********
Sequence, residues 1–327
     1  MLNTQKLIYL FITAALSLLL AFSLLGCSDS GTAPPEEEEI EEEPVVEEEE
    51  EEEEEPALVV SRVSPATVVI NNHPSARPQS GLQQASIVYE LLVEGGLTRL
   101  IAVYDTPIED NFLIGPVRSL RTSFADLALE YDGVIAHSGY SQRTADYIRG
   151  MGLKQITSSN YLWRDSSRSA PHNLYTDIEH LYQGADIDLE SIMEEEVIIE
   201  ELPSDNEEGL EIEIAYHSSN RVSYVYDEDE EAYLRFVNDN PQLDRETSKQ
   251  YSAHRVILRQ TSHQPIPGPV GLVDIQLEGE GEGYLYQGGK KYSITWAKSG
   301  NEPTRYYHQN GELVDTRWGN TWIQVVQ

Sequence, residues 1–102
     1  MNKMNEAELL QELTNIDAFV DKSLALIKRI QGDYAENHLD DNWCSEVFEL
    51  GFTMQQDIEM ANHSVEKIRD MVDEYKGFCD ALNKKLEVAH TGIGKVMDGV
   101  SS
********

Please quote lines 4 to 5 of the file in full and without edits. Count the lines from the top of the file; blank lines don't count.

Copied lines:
   101  IAVYDTPIED NFLIGPVRSL RTSFADLALE YDGVIAHSGY SQRTADYIRG
   151  MGLKQITSSN YLWRDSSRSA PHNLYTDIEH LYQGADIDLE SIMEEEVIIE